# Challenges Constructing Ellipsoidal-Like Configurations (Pt. 2)

This chapter extends the accompanying chapters titled, Construction Challenges (Pt. 1) and (Pt. 2). The focus here is on firming up our understanding of the relationships between various "tilted" Cartesian coordinate frames.

## Various Coordinate Frames

 Inertial Frame (green with subscript "0") and Body Frame (black and unsubscripted).

The purple (ellipsoidal) configuration is spinning with frequency, $~\Omega_0$ about the $~z_0$-axis of the "inertial frame," as illustrated; that is,

 $~\boldsymbol\Omega$ $~=$ $~\boldsymbol{\hat{k}_0}\Omega_0 \, .$

Also as illustrated, the "body frame," which is attached to and aligned with the principal axes of the purple ellipsoid, is tilted at an angle, $~\delta$, with respect to the inertial frame. The transformation from one frame to the other is accomplished via the relations provided in the table that follows. For example, as viewed from the body frame, we have,

 $~\boldsymbol\Omega$ $~=$ $~\biggl[ \boldsymbol{\hat\jmath }\sin\delta + \boldsymbol{\hat{k} }\cos\delta \biggr]\Omega_0 \, .$

Now, adhering to the notation used by [EFE] — see, for example, the first paragraph of §51 (p. 156) — we should write,

 $~\boldsymbol\Omega$ $~=$ $~\boldsymbol{\hat\jmath }\Omega_2 + \boldsymbol{\hat{k} }\Omega_3 ~~~~~\Rightarrow ~~~ \Omega_2 = \Omega_0\sin\delta$    and,     $~\Omega_3 = \Omega_0\cos\delta \, .$

This means that,

 $~\Omega_0$ $~=$ $~ \biggl[\Omega_2^2 + \Omega_3^2 \biggr]^{1 / 2}$    and,     $~\delta = \tan^{-1}\biggl[ \frac{\Omega_2}{\Omega_3} \biggr] \, .$
 In the case of our chosen Example Type I Ellipsoid, we have, $~\Omega_2 = 0.3639$ and $~\Omega_3 = 0.6633$. In this case, then, $~\Omega_0 = 0.7566$ and $~\delta = 0.5018 ~\mathrm{rad} = 28.75^\circ$

As we have summarized in an accompanying discussion of Riemann Type 1 ellipsoids, [EFE] provides an expression for the velocity vector of each fluid element, given its instantaneous body-coordinate position (x, y, z) = (x1, x2, x3) — see his Eq. (154), Chapter 7, §51 (p. 156). As viewed from the rotating frame of reference, the three component expressions are,

 $~\dot{x} = u_1$ $~=$ $~\biggl(\frac{a}{b}\biggr)^2 \gamma \Omega_3 y - \biggl(\frac{a}{c}\biggr)^2 \beta \Omega_2 z$ $~=$ $~- \biggl[ \frac{a^2}{a^2 + b^2} \biggr] \zeta_3 y + \biggl[ \frac{a^2}{a^2 + c^2} \biggr] \zeta_2 z \, ,$ $~\dot{y} = u_2$ $~=$ $~- \gamma \Omega_3 x$ $~=$ $~+\biggl[ \frac{b^2}{a^2 + b^2} \biggr] \zeta_3 x \, ,$ $~\dot{z} = u_3$ $~=$ $~+ \beta \Omega_2 x$ $~=$ $~- \biggl[ \frac{c^2}{a^2 + c^2} \biggr] \zeta_2 x \, ,$

where,

 $~\beta$ $~=$ $~ - \biggl[ \frac{c^2}{a^2 + c^2} \biggr] \frac{\zeta_2}{\Omega_2}$ and, $~\gamma$ $~=$ $~ - \biggl[ \frac{b^2}{a^2 + b^2} \biggr] \frac{\zeta_3}{\Omega_3} \, .$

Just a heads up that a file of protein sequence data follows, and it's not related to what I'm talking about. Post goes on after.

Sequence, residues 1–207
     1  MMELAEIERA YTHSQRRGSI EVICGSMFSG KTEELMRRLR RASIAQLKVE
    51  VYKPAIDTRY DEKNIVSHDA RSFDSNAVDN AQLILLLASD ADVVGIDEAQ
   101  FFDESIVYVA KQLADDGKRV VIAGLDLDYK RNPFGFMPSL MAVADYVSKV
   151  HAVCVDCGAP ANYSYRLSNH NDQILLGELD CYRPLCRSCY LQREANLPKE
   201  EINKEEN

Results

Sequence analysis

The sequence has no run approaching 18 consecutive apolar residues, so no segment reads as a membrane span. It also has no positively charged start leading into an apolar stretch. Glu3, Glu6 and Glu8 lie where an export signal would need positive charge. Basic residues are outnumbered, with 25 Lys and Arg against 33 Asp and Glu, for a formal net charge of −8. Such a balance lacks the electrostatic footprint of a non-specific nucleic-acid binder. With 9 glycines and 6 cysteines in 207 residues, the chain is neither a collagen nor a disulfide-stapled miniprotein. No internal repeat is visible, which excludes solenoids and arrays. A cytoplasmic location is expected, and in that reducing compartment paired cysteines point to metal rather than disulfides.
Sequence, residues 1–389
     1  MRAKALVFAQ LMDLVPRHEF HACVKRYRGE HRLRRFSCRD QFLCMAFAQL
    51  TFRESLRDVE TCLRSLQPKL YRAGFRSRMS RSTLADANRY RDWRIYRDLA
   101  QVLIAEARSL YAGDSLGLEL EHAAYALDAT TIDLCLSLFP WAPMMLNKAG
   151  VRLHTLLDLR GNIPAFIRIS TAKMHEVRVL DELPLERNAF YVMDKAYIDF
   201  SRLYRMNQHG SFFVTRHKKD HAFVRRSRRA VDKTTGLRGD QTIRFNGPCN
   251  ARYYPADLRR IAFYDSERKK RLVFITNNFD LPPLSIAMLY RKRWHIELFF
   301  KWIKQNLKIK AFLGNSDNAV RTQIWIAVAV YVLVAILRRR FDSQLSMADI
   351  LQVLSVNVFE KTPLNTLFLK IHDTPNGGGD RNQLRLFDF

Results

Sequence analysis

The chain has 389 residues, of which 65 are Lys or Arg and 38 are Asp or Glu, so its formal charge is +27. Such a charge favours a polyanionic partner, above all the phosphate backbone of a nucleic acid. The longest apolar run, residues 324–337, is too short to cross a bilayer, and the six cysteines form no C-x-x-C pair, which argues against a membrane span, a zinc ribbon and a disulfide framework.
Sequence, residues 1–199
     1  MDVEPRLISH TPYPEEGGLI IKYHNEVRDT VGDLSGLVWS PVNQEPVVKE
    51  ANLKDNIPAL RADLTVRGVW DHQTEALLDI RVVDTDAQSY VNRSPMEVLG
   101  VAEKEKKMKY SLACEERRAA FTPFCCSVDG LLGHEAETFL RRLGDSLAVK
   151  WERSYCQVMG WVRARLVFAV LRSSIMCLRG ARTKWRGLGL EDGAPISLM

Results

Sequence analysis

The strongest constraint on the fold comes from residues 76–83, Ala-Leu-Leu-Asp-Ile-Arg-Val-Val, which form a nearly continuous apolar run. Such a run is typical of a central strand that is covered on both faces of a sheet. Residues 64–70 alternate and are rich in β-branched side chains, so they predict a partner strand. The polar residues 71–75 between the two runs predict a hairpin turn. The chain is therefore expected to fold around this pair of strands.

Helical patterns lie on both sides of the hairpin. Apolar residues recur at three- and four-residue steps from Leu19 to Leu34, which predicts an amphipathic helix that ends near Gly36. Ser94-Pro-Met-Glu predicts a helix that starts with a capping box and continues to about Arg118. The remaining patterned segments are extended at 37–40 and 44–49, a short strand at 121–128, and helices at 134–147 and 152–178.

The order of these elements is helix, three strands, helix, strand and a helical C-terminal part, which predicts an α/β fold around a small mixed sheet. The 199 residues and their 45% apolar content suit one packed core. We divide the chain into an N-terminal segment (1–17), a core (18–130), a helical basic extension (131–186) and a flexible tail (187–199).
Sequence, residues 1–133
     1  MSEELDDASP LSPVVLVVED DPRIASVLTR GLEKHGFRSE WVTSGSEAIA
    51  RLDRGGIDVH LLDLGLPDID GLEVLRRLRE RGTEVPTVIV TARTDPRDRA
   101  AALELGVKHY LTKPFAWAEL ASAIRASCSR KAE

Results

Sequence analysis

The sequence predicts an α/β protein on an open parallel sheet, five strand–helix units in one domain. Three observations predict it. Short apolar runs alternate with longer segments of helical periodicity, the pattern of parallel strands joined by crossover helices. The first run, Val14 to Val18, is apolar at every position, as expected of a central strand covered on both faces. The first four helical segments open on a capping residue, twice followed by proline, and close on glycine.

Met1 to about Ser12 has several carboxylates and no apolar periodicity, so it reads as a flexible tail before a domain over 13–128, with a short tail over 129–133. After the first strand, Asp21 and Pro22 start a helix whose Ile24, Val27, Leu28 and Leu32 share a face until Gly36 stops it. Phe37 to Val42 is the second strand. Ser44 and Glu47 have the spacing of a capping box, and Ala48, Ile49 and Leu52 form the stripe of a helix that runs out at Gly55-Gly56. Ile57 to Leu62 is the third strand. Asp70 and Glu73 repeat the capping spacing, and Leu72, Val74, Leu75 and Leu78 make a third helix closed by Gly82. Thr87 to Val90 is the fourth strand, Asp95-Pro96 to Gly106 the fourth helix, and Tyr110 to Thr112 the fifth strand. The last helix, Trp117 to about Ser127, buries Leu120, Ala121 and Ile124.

Rotating-Frame Vorticity
 $~\boldsymbol{\zeta} \equiv \boldsymbol{\nabla \times}\bold{u}$ $~=$ $~ \boldsymbol{\hat\imath} \biggl[ \frac{\partial \dot{z} }{\partial y} - \frac{\partial \dot{y}}{\partial z} \biggr] + \boldsymbol{\hat\jmath} \biggl[ \frac{\partial \dot{x}}{\partial z} - \frac{\partial \dot{z}}{\partial x} \biggr] + \bold{\hat{k}} \biggl[ \frac{\partial \dot{y}}{\partial x} - \frac{\partial \dot{x}}{\partial y} \biggr]$ $~=$ $~ \boldsymbol{\hat\jmath} \biggl\{ \biggl[ \frac{a^2}{a^2 + c^2} \biggr] \zeta_2 + \biggl[ \frac{c^2}{a^2 + c^2} \biggr] \zeta_2 \biggr\} + \bold{\hat{k}} \biggl\{ \biggl[ \frac{b^2}{a^2 + b^2} \biggr] \zeta_3 + \biggl[ \frac{a^2}{a^2 + b^2} \biggr] \zeta_3 \biggr\}$ $~=$ $~ \boldsymbol{\hat\jmath} ~\zeta_2 + \bold{\hat{k}} ~\zeta_3 \, .$

Transformation Between Inertial Frame and Body Frame

 $~x$ $~=$ $~x_0$ $~y$ $~=$ $~y_0\cos\delta + z_0\sin\delta$ $~z$ $~=$ $~z_0\cos\delta - y_0\sin\delta$
 $~x_0$ $~=$ $~x$ $~y_0$ $~=$ $~y\cos\delta - z\sin\delta$ $~z_0$ $~=$ $~z\cos\delta + y\sin\delta$
 $~\boldsymbol{\hat\imath}$ $~=$ $~\boldsymbol{{\hat\imath}_0}$ $~\boldsymbol{\hat\jmath}$ $~=$ $~\boldsymbol{{\hat\jmath}_0}\cos\delta + \boldsymbol{\hat{k}_0}\sin\delta$ $~\boldsymbol{\hat{k}}$ $~=$ $~\boldsymbol{\hat{k}_0}\cos\delta - \boldsymbol{{\hat\jmath}_0}\sin\delta$
 $~\boldsymbol{{\hat\imath}_0 }$ $~=$ $~\boldsymbol{\hat\imath }$ $~\boldsymbol{{\hat\jmath}_0 }$ $~=$ $~\boldsymbol{\hat\jmath }\cos\delta - \boldsymbol{\hat{k} }\sin\delta$ $~\boldsymbol{{\hat{k}}_0 }$ $~=$ $~\boldsymbol{\hat\jmath }\sin\delta + \boldsymbol{\hat{k} }\cos\delta$

## Motivation

In a separate discussion, we have shown that, as viewed from a frame that "tumbles" with the (purple) body of a Type 1 Riemann ellipsoid, each Lagrangian fluid element moves along an elliptical path in a plane that is tipped by an angle $~\theta$ about the x-axis of the body. (See the yellow-dotted orbits in Figure panels 1a and 1b below). As viewed from the (primed) coordinates associated with this tipped plane, by definition, z' = 0 and dz'/dt = 0, and the planar orbit is defined by the expression for an,
 Off-Center Ellipse $~1$ $~=$ $~\biggl(\frac{x'}{x_\mathrm{max}} \biggr)^2 + \biggl(\frac{y' - y_0}{y_\mathrm{max}} \biggr)^2 \, .$
 $~x'$ $~=$ $~x_\mathrm{max}\cos(\dot\varphi t)$ and, $~y' - y_0$ $~=$ $~y_\mathrm{max}\sin(\dot\varphi t) \, ,$ $~\dot{x}'$ $~=$ $~- x_\mathrm{max}~ \dot\varphi \cdot \sin(\dot\varphi t) = (y_0 - y') \biggl[ \frac{x_\mathrm{max}}{y_\mathrm{max}} \biggr] \dot\varphi$ and, $~\dot{y}'$ $~=$ $~y_\mathrm{max}~\dot\varphi \cdot \cos(\dot\varphi t) = x' \biggl[ \frac{y_\mathrm{max}}{x_\mathrm{max}}\biggr] \dot\varphi \, .$